Blog: Trends Affecting Employment in Utah’s Health Care and Social Assistance Industry

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Blog: Trends Affecting Employment in Utah’s Health Care and Social Assistance Industry

By: Laura Summers

Note: The opinions expressed are those of the author alone and do not reflect an institutional position of the Gardner Institute. We hope the opinions shared contribute to the marketplace of ideas and help people as they formulate their own INFORMED DECISIONS™.

This month, the Gardner Institute released its long-term projections for population and employment changes in Utah. The projections show employment in Utah’s health care and social assistance industry is expected to grow by close to 185,000 employees between 2020 and 2060, making it one of the largest drivers of employment growth in the state.

The projections for the health care and social assistance industry are modeled from national trends, taking into account local population growth. The projections team also connected with industry experts to ensure their model and outputs align with and reflect local industry dynamics and trends as appropriate. The dynamics and trends that emerged from these conversations can be summarized in five key points:

  1. Expansion and contraction of the health care and social assistance industry tend to follow population growth and changing health care needs. Significant expansions in health care and social assistance employment generally occur in city centers and areas with strong economic stability and population growth. This is illustrated by the growing number of new hospitals which recently opened or are expected to open in Utah and Washington counties—both of which are among Utah’s fastest-growing counties in terms of population growth.


  1. Recent federal and state policy changes have helped expand access to health care coverage, which positively impacts demand for health care services and may have an increasing effect on employment. Utah’s Medicaid expansion (which became effective January 2020), for example, is estimated to expand health care coverage to 70,000‒90,000 Utah residents. The Affordable Care Act (ACA) and the federal American Rescue Plan Act (ARPA) also expanded access to health care coverage for low- and middle-income individuals and families.


  1. Ongoing workforce shortages in the health care and social assistance industry could have a dampening effect on employment growth. Utah has long experienced health care–related workforce shortages that have reportedly been exacerbated by the state’s rapid population growth, provider burnout during COVID-19, and the “great resignation of 2021.”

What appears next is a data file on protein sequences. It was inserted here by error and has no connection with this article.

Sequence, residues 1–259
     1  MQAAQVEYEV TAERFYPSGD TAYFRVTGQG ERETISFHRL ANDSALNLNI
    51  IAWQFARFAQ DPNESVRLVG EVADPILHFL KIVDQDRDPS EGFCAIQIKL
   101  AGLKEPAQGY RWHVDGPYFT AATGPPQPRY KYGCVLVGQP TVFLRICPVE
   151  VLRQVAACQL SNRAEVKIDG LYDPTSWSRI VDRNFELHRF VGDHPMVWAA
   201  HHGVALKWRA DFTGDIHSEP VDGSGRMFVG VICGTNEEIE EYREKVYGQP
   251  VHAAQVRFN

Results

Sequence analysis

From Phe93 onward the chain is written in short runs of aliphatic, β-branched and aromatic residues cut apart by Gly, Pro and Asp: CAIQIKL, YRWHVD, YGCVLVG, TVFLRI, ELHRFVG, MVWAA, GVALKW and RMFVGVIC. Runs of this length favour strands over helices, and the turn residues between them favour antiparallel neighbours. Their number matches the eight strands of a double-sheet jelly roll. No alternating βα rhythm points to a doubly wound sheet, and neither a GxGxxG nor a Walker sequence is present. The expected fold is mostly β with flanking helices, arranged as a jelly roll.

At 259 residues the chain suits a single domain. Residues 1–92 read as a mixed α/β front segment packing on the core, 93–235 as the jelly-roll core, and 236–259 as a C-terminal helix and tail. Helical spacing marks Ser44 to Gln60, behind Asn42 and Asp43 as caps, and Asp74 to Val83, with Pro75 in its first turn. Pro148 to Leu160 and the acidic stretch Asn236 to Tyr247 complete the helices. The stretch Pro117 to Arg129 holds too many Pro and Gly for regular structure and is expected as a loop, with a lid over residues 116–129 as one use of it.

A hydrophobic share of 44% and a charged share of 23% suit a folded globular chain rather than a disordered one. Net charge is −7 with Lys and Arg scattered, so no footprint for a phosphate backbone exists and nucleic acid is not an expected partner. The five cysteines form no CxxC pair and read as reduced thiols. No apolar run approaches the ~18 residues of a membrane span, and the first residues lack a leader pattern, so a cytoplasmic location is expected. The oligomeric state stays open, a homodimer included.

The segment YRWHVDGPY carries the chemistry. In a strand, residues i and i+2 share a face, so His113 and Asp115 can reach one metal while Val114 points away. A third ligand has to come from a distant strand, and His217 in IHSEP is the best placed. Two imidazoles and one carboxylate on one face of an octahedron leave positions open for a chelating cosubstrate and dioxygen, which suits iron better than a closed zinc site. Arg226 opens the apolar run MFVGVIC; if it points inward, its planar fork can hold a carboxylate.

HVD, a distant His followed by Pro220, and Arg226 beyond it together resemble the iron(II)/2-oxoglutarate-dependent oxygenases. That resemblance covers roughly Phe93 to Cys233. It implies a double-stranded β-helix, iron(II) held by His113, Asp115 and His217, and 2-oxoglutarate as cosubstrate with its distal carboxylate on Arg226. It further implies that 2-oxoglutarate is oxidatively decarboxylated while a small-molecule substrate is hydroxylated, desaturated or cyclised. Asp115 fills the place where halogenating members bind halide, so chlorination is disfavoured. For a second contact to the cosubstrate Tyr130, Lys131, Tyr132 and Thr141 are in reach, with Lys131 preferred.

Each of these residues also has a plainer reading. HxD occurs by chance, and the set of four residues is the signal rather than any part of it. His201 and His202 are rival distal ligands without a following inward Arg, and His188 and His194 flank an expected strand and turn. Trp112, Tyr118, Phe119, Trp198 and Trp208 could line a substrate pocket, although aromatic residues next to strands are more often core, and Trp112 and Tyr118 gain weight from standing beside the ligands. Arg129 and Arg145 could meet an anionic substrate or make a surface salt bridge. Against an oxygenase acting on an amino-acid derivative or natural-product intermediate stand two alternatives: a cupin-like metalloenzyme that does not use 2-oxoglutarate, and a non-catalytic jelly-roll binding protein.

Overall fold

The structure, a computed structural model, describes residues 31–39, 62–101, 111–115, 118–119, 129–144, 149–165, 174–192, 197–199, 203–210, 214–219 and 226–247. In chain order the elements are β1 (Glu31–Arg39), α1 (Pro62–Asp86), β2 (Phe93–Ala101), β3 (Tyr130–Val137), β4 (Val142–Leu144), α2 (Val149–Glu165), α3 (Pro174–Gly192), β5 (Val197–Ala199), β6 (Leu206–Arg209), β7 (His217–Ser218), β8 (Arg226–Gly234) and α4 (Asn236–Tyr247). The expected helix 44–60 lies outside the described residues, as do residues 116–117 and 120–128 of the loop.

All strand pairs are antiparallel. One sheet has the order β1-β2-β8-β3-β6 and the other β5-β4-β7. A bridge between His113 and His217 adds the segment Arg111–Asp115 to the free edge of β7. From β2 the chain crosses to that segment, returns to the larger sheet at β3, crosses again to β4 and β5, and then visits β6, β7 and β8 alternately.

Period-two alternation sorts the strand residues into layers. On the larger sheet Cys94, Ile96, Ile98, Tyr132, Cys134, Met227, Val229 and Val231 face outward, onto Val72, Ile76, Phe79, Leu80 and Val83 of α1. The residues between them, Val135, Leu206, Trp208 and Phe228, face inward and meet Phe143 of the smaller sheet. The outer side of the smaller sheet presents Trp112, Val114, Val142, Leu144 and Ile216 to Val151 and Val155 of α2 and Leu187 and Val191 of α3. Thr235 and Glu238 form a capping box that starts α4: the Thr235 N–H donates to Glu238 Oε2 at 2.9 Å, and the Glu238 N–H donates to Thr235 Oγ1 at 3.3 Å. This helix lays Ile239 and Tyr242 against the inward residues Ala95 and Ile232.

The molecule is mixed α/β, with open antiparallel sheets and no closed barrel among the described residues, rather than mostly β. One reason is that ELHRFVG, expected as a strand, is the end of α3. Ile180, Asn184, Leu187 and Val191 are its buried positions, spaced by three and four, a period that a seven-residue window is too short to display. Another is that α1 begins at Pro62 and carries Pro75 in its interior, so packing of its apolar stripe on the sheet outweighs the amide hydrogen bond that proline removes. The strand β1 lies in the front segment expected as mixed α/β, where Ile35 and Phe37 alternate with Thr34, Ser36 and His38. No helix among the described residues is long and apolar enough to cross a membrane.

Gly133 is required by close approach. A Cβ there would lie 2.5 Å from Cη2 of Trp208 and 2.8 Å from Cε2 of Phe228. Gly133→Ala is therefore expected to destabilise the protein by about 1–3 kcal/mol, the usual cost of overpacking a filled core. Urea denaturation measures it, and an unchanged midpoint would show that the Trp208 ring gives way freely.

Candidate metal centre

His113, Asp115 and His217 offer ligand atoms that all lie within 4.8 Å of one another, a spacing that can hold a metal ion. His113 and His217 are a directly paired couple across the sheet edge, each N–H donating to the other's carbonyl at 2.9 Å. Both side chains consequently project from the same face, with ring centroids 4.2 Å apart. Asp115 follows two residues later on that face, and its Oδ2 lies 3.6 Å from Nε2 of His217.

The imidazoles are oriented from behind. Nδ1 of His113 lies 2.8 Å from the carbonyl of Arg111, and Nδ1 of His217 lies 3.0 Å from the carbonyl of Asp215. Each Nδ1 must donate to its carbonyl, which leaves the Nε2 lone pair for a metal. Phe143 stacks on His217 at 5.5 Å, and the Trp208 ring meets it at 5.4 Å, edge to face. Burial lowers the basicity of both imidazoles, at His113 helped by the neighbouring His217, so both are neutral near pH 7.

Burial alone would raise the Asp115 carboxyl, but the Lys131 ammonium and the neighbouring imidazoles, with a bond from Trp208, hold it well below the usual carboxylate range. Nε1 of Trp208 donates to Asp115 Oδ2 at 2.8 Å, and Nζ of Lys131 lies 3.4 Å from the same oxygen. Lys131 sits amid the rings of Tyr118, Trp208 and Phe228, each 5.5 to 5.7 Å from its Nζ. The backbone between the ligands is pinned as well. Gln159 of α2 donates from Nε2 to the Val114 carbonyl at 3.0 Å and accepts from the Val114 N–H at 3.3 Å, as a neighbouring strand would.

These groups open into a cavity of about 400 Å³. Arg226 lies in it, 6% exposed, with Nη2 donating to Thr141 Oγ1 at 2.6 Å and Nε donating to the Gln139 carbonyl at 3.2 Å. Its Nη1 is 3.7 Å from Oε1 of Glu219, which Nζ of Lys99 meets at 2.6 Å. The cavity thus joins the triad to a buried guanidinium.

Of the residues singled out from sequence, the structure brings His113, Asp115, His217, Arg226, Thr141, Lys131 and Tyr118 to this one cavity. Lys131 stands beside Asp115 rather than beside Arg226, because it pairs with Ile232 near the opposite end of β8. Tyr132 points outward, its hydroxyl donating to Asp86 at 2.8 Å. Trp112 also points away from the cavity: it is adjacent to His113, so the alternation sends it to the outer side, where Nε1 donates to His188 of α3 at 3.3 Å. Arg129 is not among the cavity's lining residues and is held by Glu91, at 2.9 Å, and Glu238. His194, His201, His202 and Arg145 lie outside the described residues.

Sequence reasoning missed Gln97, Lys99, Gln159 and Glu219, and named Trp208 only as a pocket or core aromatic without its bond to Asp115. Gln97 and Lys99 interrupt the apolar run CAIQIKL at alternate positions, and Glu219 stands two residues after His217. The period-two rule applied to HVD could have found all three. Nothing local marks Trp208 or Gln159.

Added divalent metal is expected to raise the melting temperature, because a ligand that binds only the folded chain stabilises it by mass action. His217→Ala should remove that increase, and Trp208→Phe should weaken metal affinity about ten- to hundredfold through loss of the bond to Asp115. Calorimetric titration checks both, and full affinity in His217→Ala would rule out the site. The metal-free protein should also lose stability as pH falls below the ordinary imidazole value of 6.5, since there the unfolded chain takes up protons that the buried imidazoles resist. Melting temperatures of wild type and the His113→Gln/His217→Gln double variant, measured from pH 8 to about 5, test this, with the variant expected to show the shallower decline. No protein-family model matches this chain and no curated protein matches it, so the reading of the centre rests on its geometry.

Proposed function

1. Rather than this resulting in declining employment for the industry, however, it is more likely that employees will shift between sectors within the industry. The impact of workforce shortages may not be visible at the industry level as workers are likely not to leave the industry itself, but to switch occupations or even subsectors within the industry. As a result, it is projected that the industry as a whole will continue to experience positive growth, while certain subsectors or health care occupations within a subsector could experience declines. Experts noted that Utah could also experience a shift in health care workers to other industries as ambulatory health care is increasingly being provided in non-traditional health care settings (e.g., Walmart, Amazon, CVS, etc.). While this shift wouldn’t necessarily impact overall health care employment, it could impact where these jobs are recorded from an industry perspective (i.e., retail, manufacturing, etc. vs. the health care industry).


  1. As Utah’s demographics and health care needs change, so will the sectors within the health care and social service industry that experience employment growth. For example, a growing emphasis is being placed on leveraging workers in the social assistance industry as the health care industry recognizes the importance of addressing social determinants of health. Utah’s growing older population could also impact the type of care that is needed within the state. For example, there could be increased need for employment in the home health care sector as more individuals prefer to remain in their homes as they age. Hospitals, nursing homes, and other long-term care facilities could, respectively, experience a decreasing need for employment on a per-capita basis.

These points suggest that growth in Utah’s health care and social assistance industry will remain strong over time as Utah’s population continues to grow. However, it is expected that this growth will slightly moderate from previous projections. This is due to the expectation that workforce shortages will continue to impact employment growth in the short run, and growth will shift to different sectors within the industry in response to Utah’s changing demographics and health care needs in the long run.

Laura Summers is the senior health care analyst at the Kem C. Gardner Policy Institute.

2022-01-31T09:43:02+00:00January 31st, 2022|Blog, Economics and Public Policy, Health Care, Practice Areas|